Office Of Overview’s identity for Manner distils their commitment to thoughtful housing developments
It’s clear that the UK needs more homes. However, history has taught us that the motives of inner-city developers aren’t always in the interest of people, with long-term impact often cast aside in favour of short-term profits. Justifiably, this makes it more difficult to develop the housing that cities need. So, what happens when a developer with a more positive approach wants to build homes? How do they communicate in a space where their audience doesn't want to hear them?
As a developer with such a vision, Manner required a clear and purposeful brand that would help planners, councils and local communities understand the benefits for them. They turned to Office Of Overview for their expertise, going far beyond bricks and mortar with the London-based agency to strategically understand how value can be increased through engaging communication and thoughtful, empathic planning. They challenged Manner to rethink what longevity can mean – both for them, their tenants and the cities they inhabit.
This strategic groundwork laid the foundation for the visuals, driven by the humanistic illustrations of Doug John Miller. “For us,” Founder James Sedgwick-Taylor explains, “the most important idea to illuminate was the purpose we helped the brand develop.” Manner takes a radically longer-term approach to developing houses, which both spans back into the city’s past (to celebrate heritage) and looks into creating a sustainable impact for the city’s future. “Simply put,” he adds, “illustration was the only versatile way we could display this.” Miller’s own background as an architect proved incredibly helpful and insightful to the project, where he brought key ideas about how to best showcase Manner’s vision through his fascinatingly detailed drawings.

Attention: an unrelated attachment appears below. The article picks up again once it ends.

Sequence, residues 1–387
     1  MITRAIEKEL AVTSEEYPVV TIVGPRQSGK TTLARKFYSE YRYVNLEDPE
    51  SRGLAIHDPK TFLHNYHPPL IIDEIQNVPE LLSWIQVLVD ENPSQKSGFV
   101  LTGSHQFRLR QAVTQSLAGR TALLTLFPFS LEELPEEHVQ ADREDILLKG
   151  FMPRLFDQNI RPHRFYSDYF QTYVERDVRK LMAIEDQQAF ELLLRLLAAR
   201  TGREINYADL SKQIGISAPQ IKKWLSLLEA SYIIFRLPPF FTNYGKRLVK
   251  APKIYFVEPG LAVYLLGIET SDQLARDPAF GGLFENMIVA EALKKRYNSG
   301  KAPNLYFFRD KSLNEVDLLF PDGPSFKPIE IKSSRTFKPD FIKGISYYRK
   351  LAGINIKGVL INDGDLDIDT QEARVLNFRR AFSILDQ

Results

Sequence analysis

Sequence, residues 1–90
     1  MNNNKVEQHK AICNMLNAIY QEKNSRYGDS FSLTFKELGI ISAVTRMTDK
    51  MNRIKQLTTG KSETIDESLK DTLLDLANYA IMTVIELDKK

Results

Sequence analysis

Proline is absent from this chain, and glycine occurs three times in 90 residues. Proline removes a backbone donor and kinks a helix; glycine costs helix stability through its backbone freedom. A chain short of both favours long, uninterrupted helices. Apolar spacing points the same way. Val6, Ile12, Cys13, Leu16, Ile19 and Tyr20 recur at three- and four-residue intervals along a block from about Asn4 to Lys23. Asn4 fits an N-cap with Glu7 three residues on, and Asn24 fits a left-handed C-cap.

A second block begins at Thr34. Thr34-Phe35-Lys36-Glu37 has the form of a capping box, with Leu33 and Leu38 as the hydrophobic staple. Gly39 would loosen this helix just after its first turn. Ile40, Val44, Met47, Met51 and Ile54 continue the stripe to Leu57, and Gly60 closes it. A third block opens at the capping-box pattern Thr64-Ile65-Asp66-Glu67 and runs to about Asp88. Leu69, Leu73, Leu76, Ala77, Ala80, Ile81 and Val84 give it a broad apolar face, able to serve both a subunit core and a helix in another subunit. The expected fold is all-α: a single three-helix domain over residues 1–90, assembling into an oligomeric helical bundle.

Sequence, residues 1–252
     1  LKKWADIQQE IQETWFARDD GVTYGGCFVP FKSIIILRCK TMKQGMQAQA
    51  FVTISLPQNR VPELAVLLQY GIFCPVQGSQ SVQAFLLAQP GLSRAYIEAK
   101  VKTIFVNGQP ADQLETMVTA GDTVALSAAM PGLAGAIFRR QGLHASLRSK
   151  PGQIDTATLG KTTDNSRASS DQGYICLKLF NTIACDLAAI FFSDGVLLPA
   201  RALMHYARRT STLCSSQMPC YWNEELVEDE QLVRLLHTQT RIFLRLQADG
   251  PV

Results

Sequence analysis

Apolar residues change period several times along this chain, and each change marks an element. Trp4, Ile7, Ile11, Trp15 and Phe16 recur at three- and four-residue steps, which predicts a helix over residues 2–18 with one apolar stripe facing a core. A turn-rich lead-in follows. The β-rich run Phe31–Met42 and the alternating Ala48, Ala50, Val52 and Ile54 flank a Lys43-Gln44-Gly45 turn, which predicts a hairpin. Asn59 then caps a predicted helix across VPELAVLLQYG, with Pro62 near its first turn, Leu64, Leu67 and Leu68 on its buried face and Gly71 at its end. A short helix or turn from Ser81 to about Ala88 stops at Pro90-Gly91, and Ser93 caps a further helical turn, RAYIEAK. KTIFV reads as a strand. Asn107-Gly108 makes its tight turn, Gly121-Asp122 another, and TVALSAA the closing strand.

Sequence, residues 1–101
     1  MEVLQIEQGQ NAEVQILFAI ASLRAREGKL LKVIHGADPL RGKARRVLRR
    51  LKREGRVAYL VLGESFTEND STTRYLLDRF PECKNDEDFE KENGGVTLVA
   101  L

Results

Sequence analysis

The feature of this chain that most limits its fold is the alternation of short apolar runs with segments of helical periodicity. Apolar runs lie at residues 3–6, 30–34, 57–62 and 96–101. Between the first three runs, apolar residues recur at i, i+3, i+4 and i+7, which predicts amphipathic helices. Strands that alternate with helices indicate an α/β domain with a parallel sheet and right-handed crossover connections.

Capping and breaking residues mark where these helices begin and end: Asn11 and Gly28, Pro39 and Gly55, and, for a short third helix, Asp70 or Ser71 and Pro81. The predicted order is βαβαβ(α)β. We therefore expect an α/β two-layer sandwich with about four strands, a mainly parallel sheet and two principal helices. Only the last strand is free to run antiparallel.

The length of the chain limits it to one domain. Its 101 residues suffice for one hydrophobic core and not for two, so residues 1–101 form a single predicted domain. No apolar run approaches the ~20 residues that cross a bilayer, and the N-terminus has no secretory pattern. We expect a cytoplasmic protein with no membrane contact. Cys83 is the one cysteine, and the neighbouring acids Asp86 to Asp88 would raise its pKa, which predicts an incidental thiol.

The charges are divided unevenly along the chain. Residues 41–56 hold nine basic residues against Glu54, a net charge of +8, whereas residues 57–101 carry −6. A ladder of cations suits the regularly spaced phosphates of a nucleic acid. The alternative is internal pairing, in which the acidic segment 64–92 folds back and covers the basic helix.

Choosing Neue Haas Grotesk for the wordmark and accompanying typography, Office Of Overview sought to contrast Miller’s vibrant, characterful illustrations with crystal-clear clarity. As a result, there is a striking tension between the two, reflecting both the structure and humanistic nature of Manner’s business. “Often, designing identities means choosing where to place the weight,” Sedgwick-Taylor notes. “If every part of the brand is overtly expressive, identities can feel confusing. Likewise, stripping everything back means the communications can feel austere. We always strive to strike the correct balance. And for that balance to reflect a key element of the business,” he concludes.
Neue Haas Grotesk by Linotype